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Luke Wilson and Andrew Wilson Talk About The Wendell Baker Story

The Wendell Baker Story is a Real Wilson Family Affair

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Luke Wilson and Andrew Wilson Talk About The Wendell Baker Story

Luke Wilson in The Wendell Baker Story.

© THINKFilm

Luke Wilson makes his directorial debut with The Wendell Baker Story, a twisted comedy about a good-natured con man who turns his life around after spending time behind bars. Luke Wilson not only directed the film, along with his brother Andrew, but also wrote the screenplay and plays the lead. Brother Owen appears in a supporting role and their mom Laura handled all the still photography on the set. Even Luke’s dog, Brother, got in on the act, making his feature film debut by tackling the role of Junior.

The Advantages of Working with the Wilson Family: “I think the pluses are that we get along," said Luke Wilson. "You do kind of know each other and you are able to hit the ground running. Sometimes when you get on a new movie, you kind of have to figure out the way other people work and it can be like being the new kid in high school where you’re just trying to find out where your place is on the movie or on the set. I don’t know what the minuses would be.”

Andrew Wilson added, “We didn’t really have time to have any sibling [arguments]. We were on such a tight time constraint. You know, we had 35 days to shoot it and the producers called it an ambitious schedule, which is euphemism for impossible so we were just trying to get the thing done. We were always aware we really didn’t have time to mess around and argue about this and that. Just try and get the best shot.”

The Wilson Sense of Humor: Andrew said they all share a similar sensibility. “I think we think the same things are funny. I mean Owen, obviously, is a really funny, funny guy and he has been since we were little. I can remember like my dad always saying ‘You think you’re the funniest person in the world don’t you?’ In a very negative way. And it turns out he may be one of the funniest people in the world. But yeah, we think kind of the same things are funny. When Luke showed me the script I thought it was funny and really well written. So, we tend to read the same things and be drawn to the same kind of interests.”

Divvying Up Responsibilities on the Set: It was kind of a play it by ear situation in terms of deciding who would do what. Luke explained, “It just kind of worked out where I would block the scenes out with the actors and Andrew and Steve Mason, the cinematographer, would kind of work out the shots. It was never the kind of thing were I had one idea and Andrew had another and we kind of had to take 10 minutes to figure it out. If anything, I feel like we kind of moved a little faster in doing it that way because we really would be able to… I would be able to block it and he’d be able to lay it out and figure out what shots they were going to do, and I can be rehearsing at the same time with them. Yeah, I think it worked out pretty well.”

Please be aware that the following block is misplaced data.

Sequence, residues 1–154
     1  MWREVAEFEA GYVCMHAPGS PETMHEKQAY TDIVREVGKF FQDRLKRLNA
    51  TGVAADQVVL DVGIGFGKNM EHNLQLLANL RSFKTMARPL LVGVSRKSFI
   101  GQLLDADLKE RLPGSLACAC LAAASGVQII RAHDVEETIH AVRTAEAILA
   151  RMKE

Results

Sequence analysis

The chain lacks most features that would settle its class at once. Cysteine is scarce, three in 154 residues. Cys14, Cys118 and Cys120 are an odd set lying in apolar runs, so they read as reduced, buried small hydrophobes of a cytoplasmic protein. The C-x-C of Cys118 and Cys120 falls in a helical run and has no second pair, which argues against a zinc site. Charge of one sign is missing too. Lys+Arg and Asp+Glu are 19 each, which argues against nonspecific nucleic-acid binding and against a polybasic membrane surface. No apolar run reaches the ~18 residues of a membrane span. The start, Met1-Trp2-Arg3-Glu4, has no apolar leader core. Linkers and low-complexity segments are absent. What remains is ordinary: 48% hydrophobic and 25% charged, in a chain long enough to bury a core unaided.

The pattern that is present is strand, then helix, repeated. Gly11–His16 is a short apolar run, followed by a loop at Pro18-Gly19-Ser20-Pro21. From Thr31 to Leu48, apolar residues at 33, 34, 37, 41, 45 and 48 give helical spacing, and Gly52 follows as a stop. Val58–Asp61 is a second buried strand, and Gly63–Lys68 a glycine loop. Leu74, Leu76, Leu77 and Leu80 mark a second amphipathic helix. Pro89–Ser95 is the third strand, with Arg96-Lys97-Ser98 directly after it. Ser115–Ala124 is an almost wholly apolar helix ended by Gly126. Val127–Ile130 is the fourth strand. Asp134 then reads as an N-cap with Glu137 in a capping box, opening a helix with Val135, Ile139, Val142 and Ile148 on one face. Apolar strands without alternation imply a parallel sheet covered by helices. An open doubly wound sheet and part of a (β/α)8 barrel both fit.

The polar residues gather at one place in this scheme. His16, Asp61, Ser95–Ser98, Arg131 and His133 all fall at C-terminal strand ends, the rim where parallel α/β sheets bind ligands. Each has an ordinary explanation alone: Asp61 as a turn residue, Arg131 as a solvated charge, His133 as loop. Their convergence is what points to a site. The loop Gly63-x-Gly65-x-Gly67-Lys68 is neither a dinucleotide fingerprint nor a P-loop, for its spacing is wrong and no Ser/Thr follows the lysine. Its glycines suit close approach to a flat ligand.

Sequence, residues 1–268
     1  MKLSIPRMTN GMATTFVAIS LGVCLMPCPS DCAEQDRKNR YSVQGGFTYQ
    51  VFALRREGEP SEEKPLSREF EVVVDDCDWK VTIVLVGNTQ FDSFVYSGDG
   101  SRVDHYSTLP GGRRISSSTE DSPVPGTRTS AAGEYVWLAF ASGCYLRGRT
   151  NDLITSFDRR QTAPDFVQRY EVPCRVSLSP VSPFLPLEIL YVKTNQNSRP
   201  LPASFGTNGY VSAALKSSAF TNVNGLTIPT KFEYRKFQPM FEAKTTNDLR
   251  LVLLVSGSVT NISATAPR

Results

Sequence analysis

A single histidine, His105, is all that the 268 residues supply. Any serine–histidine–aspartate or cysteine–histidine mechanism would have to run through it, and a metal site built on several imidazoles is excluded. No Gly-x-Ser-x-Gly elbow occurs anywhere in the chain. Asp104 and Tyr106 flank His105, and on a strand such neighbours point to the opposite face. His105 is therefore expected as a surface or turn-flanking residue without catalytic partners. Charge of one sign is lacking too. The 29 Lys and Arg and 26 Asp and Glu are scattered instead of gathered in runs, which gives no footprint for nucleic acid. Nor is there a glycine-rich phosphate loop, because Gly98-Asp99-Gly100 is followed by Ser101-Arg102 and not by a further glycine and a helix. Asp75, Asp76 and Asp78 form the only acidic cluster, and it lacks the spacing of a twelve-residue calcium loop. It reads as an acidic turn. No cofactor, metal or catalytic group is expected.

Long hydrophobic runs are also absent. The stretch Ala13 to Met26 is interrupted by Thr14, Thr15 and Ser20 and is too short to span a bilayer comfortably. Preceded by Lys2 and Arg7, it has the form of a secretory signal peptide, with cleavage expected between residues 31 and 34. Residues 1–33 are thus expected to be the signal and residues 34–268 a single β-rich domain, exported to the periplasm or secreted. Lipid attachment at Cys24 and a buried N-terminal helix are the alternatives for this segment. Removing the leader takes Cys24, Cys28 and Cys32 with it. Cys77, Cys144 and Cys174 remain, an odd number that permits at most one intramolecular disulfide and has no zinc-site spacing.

“There wasn’t the kind of auteur effect where you had a director with a vision of what it should be and a writer with a different vision and then a big star that wanted to do something else that only benefited him,” offered Andrew. “We were all trying to do the same thing which was get the script, which we all really liked, shot in the amount of time we had. That was really a very simple goal. And also I think when you also have a short amount of time - and I’ve worked on some bigger movies where there is a ton of money and a ton of time - you find that there isn’t the kind of creative tension that we had on this. When you know you only have a short time with a limited amount of money, it helped us come up with some kind of good creative solutions. Things we came up with quickly and on the fly that we knew made it better.”

Luke Wilson added, “And we knew we that didn’t want to do the conventional like one master over the shoulder and then a tight shot. We knew wanted to do a lot of oners, just because we know that’s what we like, like Woody Allen movies and things like that. So when you do have a close up it can have a little more of an impact. That’s where Steve Mason was really helpful, the cinematographer, to tell us certain times what you have to get just to make it work and that you can’t always do that. You can’t always just have a master, just the one shot and move on. You really need it for the story and to keep people kind of interested. So, that was really helpful to have something like that.”

Following in Brother Owen’s Footsteps: Luke Wilson credits brother Owen with inspiring him to write. “Just kind of seeing, like the time he and Wes would put in. You get the script and you read it and it seems so kind of fluid and you just think, ‘Well, it just must have rolled right out of them.’ But you find out it does kind of take time and hard work. So I think in between watching Owen and Wes [Anderson] and the way they work, I think that kind of gave us a good feeling that you do really have to sit down and take the time and it’s not always really fun. You can’t always think, ‘Oh, I’m gonna wait till I get inspired.’ Sometimes you just have to like sit down together and grind it out.”

Page 2: On Will Ferrell's Cameo and Future Projects Including Old School 2

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